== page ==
The circumstances of the death of Frances Coles appear to have been as follows:
She was first thrown down violently to the ground; revealed by a few wounds on the back of the head. Her throat was cut, most likely (according to Dr. Phillips, who performed the autopsy and Dr. Oxley, the first doctor at the scene while she was lying on the pavement. Phillips believed the killer held her head back by the chin with his left hand, cutting the throat with his right. The knife passed the throat three times -- first from left to right, then from right to left, and once more from left to right (Phillips). Oxley believed there were two wounds, since there was only one incision in the skin but two openings in the larynx. The killer struck from the right side of the body (Phillips) or from the front (Oxley). The body was tilted at the moment the wound was inflicted in a manner so that the killer would avoid becoming bloodstained. Her clothes were in order, and there were no abdominal mutilations. The killer exhibited no anatomical skill (Phillips). Part of her left ear had been torn off, but it was thoroughly healed as if as a result of an earring being ripped from her ear some time previously. The black crêpe hat she had purchased the night before was lying beside her, her old hat pinned beneath her dress. 2s were later found hidden behind a gutterpipe, presumably Frances's earnings from her final client.
Sadler was the immediate suspect of the police, thanks in no small part to the testimony of witnesses such as "Jumbo" Friday and Duncan Campbell. The police quickly rejoiced at the capture of the man they believed to be the murderer, and they were quick to wonder whether or not Sadler was indeed Jack the Ripper. Sadler was charged with the murder of Frances Coles on February 16.
Luckily for Sadler, the Seamen's Union paid for his proper legal representation, and perhaps even luckier, the inquest into Coles's death was headed by the very thorough Coroner Wynne E. Baxter. It was soon found that the couple "Jumbo" Friday had seen near Swallow Gardens was in fact two friends of his named Kate McCarthy and Thomas Fowles. And although the knife which killed Frances Coles was believed to have been blunt (like the one Sadler sold Campbell), the witness testimony of Sergeant Edwards and Sarah Fleming, who had seen Sadler hopelessly intoxicated at 2:00 and 3:00 AM respectively, made it unlikely that Sadler was capable of committing the murder. As Dr. Oxley testified, "If a man were incapably drunk and the knife blunt I don't think he could have produced the wound... If a man were swaying about I don't think he could control the muscles of his hand and arm sufficiently to cause the wound."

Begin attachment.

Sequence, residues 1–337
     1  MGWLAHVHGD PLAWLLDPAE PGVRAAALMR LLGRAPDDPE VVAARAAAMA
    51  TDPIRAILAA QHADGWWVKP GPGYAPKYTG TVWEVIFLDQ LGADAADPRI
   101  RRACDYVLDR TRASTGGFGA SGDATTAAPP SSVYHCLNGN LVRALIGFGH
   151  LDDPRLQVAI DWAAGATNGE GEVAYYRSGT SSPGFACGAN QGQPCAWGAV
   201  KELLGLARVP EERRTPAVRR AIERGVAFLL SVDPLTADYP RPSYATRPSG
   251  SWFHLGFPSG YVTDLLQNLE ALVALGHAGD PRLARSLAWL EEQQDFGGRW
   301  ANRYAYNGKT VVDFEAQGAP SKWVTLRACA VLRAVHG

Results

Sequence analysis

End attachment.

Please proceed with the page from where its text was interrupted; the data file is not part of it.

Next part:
The jury returned a verdict of "Willful Murder against some person or persons unknown" on February 27, and four days later the Thames Magistrate's Court dropped all charges against Sadler. As he left the court, crowds of people cheered his release.
Many people at Scotland Yard, and even Sir Melville Macnaghten continued to press the belief that Sadler was guilty of the murder of Frances Coles, and the sides are split among contemporary researchers whether or not Sadler was the killer.
Was Frances Coles a Ripper victim? Her throat was cut, but unlike the canonical Ripper slayings, it was with a blunt knife. There seemed to have been no evidence of strangulation. There were no mutilations on the abdomen, and the clothes were not disarranged. Even more damning is the time frame of the murder -- almost two and a half years after the murder of Mary Kelly. Would the Ripper have stopped for such a long period of time and then resume his slayings with Frances Coles?
Still, the murder remained unsolved. She did die from a slit throat. She was an unfortunate. She was said to have been attacked from the right side (Phillips). And robbery was not a motive, as her earnings were found close by behind a lamp-post. The similarities are there.